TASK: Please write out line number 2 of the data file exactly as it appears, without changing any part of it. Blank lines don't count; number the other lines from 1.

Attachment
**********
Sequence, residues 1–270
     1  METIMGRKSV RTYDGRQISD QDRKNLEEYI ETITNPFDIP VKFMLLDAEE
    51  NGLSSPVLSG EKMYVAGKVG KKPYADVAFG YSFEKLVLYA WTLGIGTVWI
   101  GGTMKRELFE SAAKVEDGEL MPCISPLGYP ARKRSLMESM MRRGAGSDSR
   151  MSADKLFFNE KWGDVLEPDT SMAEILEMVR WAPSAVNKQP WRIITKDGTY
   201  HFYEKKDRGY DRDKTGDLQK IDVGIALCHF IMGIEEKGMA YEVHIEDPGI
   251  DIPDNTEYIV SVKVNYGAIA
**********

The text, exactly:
     1  METIMGRKSV RTYDGRQISD QDRKNLEEYI ETITNPFDIP VKFMLLDAEE